The design of novel protein sequences with targeted functionalities underpins a central theme in protein engineering, impacting diverse fields such as drug discovery and enzymatic engineering. However, navigating this vast combinatorial search space remains a severe challenge due to time and financial constraints. This scenario is rapidly evolving as the transformative advancements in AI, particularly in the realm of generative models and optimization algorithms, have been propelling the protein design field towards an unprecedented revolution. In this survey, we systematically review recent advances in generative AI for controllable protein sequence design. To set the stage, we first outline the foundational tasks in protein sequence design in terms of the constraints involved and present key generative models and optimization algorithms. We then offer in-depth reviews of each design task and discuss the pertinent applications. Finally, we identify the unresolved challenges and highlight research opportunities that merit deeper exploration.
Deep learning approaches exhibit promising performances on various text tasks. However, they are still struggling on medical text classification since samples are often extremely imbalanced and scarce. Different from existing mainstream approaches that focus on supplementary semantics with external medical information, this paper aims to rethink the data challenges in medical texts and present a novel framework-agnostic algorithm called Text2Tree that only utilizes internal label hierarchy in training deep learning models. We embed the ICD code tree structure of labels into cascade attention modules for learning hierarchy-aware label representations. Two new learning schemes, Similarity Surrogate Learning (SSL) and Dissimilarity Mixup Learning (DML), are devised to boost text classification by reusing and distinguishing samples of other labels following the label representation hierarchy, respectively. Experiments on authoritative public datasets and real-world medical records show that our approach stably achieves superior performances over classical and advanced imbalanced classification methods.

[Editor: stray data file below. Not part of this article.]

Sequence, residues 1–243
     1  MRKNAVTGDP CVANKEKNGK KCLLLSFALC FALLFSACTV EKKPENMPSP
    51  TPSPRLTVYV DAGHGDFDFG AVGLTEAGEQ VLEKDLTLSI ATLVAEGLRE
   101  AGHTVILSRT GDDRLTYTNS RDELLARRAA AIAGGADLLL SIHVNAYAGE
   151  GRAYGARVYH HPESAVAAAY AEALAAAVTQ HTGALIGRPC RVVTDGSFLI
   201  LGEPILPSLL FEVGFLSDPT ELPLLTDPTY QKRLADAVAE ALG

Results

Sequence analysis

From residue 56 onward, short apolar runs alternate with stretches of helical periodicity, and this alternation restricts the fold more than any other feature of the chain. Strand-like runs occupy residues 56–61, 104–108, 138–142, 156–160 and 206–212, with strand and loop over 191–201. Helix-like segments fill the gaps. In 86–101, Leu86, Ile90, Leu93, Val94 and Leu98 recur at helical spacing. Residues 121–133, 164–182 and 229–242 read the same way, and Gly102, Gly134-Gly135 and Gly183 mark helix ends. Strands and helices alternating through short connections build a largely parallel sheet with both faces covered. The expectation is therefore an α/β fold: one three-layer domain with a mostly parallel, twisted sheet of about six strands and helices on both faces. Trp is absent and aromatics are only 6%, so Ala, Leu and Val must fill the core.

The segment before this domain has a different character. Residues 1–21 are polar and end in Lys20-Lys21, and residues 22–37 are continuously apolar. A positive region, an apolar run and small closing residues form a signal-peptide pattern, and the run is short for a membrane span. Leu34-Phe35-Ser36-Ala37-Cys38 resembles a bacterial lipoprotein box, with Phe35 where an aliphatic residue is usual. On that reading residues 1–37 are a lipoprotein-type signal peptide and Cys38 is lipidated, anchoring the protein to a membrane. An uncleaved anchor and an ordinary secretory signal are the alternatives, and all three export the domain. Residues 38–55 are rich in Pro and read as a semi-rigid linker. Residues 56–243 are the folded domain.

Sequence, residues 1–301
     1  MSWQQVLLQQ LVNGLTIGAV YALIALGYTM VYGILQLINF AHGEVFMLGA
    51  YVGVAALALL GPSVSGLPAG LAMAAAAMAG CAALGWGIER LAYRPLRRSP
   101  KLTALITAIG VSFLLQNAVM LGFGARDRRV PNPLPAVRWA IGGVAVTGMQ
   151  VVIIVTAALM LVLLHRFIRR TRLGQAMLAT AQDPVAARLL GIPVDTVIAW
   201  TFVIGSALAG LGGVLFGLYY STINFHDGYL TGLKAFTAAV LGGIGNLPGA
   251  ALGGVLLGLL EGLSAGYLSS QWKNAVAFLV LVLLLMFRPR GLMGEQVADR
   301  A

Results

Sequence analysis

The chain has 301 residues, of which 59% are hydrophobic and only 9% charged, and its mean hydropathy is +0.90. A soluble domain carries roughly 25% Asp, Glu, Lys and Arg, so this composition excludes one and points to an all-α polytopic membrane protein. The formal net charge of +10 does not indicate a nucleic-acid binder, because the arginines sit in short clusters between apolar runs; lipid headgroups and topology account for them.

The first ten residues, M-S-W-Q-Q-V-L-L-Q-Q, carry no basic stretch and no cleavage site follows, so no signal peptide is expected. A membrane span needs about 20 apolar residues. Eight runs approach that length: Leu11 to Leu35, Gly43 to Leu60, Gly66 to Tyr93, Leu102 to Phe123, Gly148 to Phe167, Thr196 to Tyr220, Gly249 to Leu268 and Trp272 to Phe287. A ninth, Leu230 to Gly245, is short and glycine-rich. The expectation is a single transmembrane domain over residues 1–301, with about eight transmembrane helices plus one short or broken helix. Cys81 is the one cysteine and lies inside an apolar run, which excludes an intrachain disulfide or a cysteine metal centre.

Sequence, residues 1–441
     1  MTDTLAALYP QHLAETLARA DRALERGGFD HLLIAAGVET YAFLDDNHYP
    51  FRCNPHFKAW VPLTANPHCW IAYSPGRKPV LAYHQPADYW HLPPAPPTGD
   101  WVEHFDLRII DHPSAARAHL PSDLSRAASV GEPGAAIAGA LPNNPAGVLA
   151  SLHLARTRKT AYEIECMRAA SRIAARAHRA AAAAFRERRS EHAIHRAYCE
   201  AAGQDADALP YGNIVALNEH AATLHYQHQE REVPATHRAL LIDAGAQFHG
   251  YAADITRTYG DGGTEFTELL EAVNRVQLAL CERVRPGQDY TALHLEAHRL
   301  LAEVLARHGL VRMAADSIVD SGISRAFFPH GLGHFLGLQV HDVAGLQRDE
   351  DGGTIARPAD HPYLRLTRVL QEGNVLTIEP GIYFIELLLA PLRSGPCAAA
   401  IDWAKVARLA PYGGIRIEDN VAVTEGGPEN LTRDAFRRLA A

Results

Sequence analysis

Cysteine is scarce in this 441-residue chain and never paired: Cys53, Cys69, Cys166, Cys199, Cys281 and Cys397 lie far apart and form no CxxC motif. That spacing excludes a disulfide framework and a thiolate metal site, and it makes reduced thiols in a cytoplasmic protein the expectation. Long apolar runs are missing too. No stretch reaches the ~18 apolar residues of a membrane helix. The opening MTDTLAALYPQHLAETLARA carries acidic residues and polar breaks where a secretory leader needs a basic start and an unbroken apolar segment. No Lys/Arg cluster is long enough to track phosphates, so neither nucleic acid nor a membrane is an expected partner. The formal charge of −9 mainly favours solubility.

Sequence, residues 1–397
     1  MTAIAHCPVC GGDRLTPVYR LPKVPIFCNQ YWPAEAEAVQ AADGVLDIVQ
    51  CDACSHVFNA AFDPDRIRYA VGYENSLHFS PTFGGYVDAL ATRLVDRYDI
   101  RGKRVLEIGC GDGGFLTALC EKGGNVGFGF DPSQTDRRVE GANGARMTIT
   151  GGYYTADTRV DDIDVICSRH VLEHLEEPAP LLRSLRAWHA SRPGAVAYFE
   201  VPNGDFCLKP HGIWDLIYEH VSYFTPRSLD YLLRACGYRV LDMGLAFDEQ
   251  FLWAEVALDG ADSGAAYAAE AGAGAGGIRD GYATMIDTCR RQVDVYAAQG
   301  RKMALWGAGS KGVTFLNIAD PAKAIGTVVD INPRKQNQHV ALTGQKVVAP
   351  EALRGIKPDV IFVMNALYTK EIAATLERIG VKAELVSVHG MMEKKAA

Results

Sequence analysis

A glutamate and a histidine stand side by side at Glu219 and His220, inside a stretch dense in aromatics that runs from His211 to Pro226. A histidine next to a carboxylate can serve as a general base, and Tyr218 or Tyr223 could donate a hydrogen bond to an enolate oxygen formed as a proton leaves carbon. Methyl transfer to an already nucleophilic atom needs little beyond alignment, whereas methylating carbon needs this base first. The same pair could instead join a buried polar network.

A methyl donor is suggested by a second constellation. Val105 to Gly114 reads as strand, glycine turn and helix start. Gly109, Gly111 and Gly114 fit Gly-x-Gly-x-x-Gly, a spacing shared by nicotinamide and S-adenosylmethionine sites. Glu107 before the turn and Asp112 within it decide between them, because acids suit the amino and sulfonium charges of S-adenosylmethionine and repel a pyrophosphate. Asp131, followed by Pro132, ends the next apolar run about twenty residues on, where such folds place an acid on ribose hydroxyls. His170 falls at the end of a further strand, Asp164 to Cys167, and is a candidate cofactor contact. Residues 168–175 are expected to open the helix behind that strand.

Large language models (LLMs) have achieved remarkable advancements in the field of natural language processing. However, the sheer scale and computational demands of these models present formidable challenges when considering their practical deployment in resource-constrained contexts. While techniques such as chain-of-thought (CoT) distillation have displayed promise in distilling LLMs into small language models (SLMs), there is a risk that distilled SLMs may still carry over flawed reasoning or hallucinations inherited from their LLM counterparts. To address these issues, we propose a twofold methodology: First, we introduce a novel method for distilling the self-evaluation capability inherent in LLMs into SLMs, which aims to mitigate the adverse effects of erroneous reasoning and reduce hallucinations. Second, we advocate for a comprehensive distillation process that incorporates multiple distinct chain-of-thought and self-evaluation paradigms and ensures a more holistic and robust knowledge transfer into SLMs. Experiments on three NLP benchmarks demonstrate that our method significantly improves the performance of distilled SLMs and sheds light on the path towards developing smaller models closely aligned with human cognition.